Far Horizons: Tales of Sci-Fi, Fantasy and Horror. Issue #13 April 2015 - Page 13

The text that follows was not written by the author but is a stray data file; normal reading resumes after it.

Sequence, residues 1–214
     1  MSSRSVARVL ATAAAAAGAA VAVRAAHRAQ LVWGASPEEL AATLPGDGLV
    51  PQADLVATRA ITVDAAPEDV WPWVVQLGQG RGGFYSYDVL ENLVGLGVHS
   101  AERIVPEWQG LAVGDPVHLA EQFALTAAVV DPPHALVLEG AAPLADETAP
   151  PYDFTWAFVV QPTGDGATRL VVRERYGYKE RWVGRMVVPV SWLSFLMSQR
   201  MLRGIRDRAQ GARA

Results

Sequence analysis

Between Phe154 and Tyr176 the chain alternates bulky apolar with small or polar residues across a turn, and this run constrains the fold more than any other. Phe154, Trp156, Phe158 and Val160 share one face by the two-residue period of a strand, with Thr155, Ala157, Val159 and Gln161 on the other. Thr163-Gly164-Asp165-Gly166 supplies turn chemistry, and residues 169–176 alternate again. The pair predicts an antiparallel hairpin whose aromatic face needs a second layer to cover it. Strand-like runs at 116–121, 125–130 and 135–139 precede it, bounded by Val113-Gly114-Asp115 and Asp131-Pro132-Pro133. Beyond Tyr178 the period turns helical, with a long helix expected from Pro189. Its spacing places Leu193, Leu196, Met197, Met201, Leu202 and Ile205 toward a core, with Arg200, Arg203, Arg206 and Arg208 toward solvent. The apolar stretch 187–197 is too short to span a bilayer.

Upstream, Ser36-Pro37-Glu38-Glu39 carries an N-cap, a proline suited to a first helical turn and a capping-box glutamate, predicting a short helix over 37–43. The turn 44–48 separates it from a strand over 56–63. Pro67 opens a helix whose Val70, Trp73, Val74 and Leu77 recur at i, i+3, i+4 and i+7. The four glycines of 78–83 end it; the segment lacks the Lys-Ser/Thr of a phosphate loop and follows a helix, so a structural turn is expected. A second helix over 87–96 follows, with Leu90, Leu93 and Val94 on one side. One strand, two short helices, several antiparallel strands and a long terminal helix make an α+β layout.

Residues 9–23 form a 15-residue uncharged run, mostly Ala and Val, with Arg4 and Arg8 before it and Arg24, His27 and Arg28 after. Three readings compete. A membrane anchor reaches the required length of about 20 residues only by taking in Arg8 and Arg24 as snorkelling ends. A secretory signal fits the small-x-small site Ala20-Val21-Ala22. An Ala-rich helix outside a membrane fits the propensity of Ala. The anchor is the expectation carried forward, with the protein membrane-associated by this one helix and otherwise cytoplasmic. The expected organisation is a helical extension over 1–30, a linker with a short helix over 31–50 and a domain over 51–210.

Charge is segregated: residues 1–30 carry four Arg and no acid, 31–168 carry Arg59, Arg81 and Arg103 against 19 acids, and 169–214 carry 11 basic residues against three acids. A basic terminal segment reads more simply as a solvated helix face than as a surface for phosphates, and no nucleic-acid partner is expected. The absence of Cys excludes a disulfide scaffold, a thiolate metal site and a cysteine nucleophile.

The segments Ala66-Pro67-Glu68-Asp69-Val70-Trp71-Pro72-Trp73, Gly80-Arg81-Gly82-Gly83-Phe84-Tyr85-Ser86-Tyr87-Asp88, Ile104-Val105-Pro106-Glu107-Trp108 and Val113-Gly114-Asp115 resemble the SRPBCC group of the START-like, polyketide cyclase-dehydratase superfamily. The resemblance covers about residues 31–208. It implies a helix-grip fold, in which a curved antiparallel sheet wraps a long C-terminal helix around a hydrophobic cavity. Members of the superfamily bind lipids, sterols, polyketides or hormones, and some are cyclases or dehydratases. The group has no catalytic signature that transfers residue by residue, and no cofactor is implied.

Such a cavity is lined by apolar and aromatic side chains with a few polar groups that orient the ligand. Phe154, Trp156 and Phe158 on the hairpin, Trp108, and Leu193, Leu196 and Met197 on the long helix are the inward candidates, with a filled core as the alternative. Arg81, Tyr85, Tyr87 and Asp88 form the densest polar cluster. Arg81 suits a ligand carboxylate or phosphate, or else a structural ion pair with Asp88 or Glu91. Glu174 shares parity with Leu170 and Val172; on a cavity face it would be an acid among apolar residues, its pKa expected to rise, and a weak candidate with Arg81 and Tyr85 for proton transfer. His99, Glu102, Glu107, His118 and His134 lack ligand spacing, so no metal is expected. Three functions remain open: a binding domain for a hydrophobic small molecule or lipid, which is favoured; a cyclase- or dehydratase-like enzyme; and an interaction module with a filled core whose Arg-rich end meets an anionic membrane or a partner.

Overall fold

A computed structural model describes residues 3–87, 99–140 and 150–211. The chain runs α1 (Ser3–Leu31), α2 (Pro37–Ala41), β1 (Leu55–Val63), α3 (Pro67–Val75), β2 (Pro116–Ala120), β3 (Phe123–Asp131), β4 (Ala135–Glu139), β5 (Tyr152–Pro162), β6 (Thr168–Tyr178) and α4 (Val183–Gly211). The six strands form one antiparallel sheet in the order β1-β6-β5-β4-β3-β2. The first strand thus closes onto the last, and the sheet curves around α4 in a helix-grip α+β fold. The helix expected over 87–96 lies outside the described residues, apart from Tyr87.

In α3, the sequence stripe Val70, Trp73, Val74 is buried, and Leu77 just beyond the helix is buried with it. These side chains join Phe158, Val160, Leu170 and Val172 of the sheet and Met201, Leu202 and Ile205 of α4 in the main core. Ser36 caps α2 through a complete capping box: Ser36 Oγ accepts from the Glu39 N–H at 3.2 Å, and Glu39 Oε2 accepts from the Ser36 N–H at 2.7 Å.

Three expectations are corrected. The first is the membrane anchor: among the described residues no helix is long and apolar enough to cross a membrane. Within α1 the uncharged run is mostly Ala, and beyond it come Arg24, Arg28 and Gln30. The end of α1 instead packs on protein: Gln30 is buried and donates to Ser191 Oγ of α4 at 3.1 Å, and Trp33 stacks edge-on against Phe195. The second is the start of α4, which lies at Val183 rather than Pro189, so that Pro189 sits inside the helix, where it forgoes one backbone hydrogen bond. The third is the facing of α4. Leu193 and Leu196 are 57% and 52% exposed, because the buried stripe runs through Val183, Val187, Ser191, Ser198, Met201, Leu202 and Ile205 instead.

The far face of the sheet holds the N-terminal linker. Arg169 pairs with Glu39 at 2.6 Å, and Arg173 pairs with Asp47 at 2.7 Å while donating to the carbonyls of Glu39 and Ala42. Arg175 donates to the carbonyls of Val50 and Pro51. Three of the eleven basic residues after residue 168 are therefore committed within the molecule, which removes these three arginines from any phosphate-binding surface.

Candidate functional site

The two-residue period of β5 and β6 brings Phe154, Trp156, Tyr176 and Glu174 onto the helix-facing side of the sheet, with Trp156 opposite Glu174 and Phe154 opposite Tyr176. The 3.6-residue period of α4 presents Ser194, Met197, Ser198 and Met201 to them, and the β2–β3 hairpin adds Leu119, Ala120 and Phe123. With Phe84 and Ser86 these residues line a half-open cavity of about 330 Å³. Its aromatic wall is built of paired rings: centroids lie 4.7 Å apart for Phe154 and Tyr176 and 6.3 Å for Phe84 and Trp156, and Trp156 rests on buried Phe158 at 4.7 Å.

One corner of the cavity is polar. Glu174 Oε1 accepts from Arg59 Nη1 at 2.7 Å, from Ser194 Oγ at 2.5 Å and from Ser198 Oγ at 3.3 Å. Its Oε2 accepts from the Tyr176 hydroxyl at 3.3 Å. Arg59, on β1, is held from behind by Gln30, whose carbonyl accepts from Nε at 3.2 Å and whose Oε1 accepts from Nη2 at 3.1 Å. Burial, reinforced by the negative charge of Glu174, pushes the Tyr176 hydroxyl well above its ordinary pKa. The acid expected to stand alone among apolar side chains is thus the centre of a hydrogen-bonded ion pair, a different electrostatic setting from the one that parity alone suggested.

ment lights to illuminate the snow beside the track and she peered out across a lonely landscape of low treeless hills. The door slid open, Poul returned. ‘there’s a snow drift blocking the track. It’s too deep for the plough, we’ll have to dig through.” “How long?” She wanted to keep moving. He reached for his fawn woollen coat, ‘the soldiers are already out there. Captain Higgins has called for volunteers. I said I’d help.” She barely knew him but all at once she wanted him to stay. He wasn’t weak, of course not, but other men were stronger, with better clothes. Her red Angora scarf hung on her own side of the door, with her furtrimmed grey cloak and hat. “Here,” Chloe looped her scarf round his neck. “Be careful.” “It’s only snow,” he said jauntily, “And thank you.” # During the morning the sky cleared to a frigid pale blue. Towards noon Chloe put on her cloak, hat and gloves and descended the steps onto the creaking snow. The air was bitterly cold. Other passengers stretched their legs or shared a hip flask. The single track ran along the base of a low ridge, wind blowing across the open ground had drifted snow against the base of the slope. Chloe lifted the hem of her cloak and walked towards the great engine at the front of the train. Standing on the terminus platform, Ice Maiden, in its silver and blue livery had seemed huge and sleek. Here on the ground beside the track she was enormous, her towering bulk like a force of nature. Heat still radiated from the great boiler, refrozen snow melt hung in glassy stalactites from the running plate and buffers. The great steel wheels were taller than Chloe, the pistons and armatures bright, the cylindrical streamlined boiler and furnace higher than a house. It seemed impossible that mere snow could halt such a vast machine. Ahead of the engine, handsome young Captain Higgins directed his soldiers and volunteer passengers with energy and flair. Chloe looked carefully but could not see Poul. Then she saw a flash of red, her scarf. There he was, to the left of the line, ordering a work gang of his own. Chloe sensed movement up on the footplate. ‘Tea, Miss?” a deep voice rumbled. She looked up to see the stoker, six and a half feet tall with a great curling red beard, a grimy dark blue boiler suit stretched over his barrel chest. His teeth flashed white as he smiled. “We’ve just had a brew.” ‘Thank you.” The stoker swung down one handed from the brass hand rail, pulled off a glove and handed Chloe an enamel mug by the rim. “Mind the coal dust, miss, it gets everywhere.” The driver joined them, a wiry older man with a shortbilled canvas cap on his head, a knotted red kerchief round his neck. Chloe sipped the hot and very sweet tea and watched the diggers. “How much longer, do you think?” “Half an hour, miss. They’re just clearing off the top, the plough will shift the rest.” Mist from the drivers breath passed over Chloe’s head. She laughed and blew from her own mouth. “We’re all steam engines today.” To the right the ridge rose a hundred feet, on the left flat hills rolled away to a smoky violet horizon. The scrape of the shovels, the crump of shovelled snow and slow hiss of steam were the only sounds in the enormous unmoving landscape. Chloe shivered. “When will we catch up with Northwind?” The driver and stoker exchanged a look. “Nobody knows how far this line runs,” the driver said. “The PAGE 13